MASSDEVICE ON CALL — U.S. healthcare spending has slowed in recent years thanks to a sluggish economy, but that’s scheduled to change once more provisions of President Barack Obama’s Affordable Care Act take effect in 2014, should the bill survive the Supreme Court.
Federal economists projected a steep incline in healthcare spending should the ACA programs be affirmed, but would otherwise remain historically low otherwise.
Most of the spending increases would relate to routine care, such as doctor’s visits and drug prescriptions, as the largest group of newly insured individuals will be younger, healthier patients, according to the Wall Street Journal.
The Supreme Court is slated this month to submit its final decision on the Constitutionality of the health care form law.
European researchers tout new and improved heart disease ratings
A team of European researchers developed a new risk prediction tool that they say can better identify patients at high risk of coronary artery disease who would benefit from extra testing.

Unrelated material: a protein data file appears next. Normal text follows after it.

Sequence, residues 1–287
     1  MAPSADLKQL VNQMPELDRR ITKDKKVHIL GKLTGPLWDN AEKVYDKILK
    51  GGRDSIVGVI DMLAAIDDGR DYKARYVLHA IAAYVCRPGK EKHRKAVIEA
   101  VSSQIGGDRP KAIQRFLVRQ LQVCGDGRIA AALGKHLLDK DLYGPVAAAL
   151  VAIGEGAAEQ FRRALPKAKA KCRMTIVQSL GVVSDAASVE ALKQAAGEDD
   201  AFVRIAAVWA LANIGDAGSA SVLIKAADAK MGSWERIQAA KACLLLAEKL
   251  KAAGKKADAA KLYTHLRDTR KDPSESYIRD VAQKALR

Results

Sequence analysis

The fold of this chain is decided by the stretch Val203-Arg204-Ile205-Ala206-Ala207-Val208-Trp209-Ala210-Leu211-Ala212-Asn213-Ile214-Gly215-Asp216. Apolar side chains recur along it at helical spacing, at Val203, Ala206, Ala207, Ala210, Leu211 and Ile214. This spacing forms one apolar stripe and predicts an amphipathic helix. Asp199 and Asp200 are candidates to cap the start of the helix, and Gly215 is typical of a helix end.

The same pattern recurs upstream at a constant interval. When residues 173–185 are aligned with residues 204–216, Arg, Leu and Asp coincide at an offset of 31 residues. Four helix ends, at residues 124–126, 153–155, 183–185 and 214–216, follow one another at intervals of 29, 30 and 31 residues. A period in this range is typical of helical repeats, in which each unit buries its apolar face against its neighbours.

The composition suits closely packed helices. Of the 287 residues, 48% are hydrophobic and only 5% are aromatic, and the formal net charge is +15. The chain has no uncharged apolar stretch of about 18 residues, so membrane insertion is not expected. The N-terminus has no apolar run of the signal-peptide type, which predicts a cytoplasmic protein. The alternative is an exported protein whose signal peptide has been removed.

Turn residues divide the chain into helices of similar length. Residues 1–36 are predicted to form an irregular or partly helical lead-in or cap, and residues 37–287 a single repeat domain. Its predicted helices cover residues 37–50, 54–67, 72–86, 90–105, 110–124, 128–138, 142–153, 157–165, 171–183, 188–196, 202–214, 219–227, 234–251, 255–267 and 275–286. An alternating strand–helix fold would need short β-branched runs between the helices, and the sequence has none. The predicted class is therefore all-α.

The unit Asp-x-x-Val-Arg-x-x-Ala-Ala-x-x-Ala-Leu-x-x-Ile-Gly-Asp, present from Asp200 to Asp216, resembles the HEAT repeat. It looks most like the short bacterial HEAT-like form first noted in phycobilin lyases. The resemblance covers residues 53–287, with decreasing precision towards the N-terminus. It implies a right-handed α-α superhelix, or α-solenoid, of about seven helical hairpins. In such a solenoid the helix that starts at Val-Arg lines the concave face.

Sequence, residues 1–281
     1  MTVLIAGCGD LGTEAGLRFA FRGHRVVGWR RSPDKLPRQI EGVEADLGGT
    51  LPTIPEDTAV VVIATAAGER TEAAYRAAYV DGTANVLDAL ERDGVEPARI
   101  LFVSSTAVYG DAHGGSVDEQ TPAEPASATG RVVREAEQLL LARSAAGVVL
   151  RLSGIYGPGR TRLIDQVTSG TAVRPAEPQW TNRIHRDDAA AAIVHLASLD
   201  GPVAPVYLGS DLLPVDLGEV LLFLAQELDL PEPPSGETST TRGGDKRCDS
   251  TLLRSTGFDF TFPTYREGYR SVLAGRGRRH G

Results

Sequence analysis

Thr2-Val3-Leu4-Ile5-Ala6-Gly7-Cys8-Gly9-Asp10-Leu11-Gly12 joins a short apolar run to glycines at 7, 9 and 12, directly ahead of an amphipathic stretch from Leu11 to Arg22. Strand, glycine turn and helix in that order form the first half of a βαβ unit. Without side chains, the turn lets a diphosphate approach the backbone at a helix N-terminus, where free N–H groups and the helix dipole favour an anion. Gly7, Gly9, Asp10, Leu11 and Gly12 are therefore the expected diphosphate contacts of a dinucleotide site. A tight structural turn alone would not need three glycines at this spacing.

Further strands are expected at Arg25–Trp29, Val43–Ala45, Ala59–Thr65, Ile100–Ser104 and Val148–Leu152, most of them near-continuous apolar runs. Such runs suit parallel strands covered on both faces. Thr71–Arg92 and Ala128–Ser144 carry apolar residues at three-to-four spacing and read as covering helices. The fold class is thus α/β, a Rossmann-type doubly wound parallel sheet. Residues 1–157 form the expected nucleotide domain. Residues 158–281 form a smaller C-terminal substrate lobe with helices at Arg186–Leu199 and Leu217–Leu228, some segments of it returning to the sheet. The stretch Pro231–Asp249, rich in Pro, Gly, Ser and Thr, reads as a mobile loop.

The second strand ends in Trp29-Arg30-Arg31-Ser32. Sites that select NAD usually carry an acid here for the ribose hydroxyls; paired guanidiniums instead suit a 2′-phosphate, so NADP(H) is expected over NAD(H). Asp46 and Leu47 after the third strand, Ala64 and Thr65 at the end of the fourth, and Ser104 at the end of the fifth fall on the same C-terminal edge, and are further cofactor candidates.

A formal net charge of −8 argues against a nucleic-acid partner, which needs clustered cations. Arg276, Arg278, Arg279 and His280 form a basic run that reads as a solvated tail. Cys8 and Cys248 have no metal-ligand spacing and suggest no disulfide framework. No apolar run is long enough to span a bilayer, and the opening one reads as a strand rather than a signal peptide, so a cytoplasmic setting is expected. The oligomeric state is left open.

U.S. companies trial mHealth programs overseas
As the global mobile health market creeps toward an expected $23 billion by 2017, many U.S. companies are looking to emerging market to test new programs.
Online care for heart disease patients works, saves money
An internet-based program entailing communication via a website and email as well as guided self-management helped lower heart disease risk scores in a 12-month study.
Brain imaging hits at 1st signs of Alzheimer’s
New positron emission tomography scanning may be able to predict patients at high risk of developing Alzheimer’s, offering perhaps the earliest yet indication of the onset of the disease.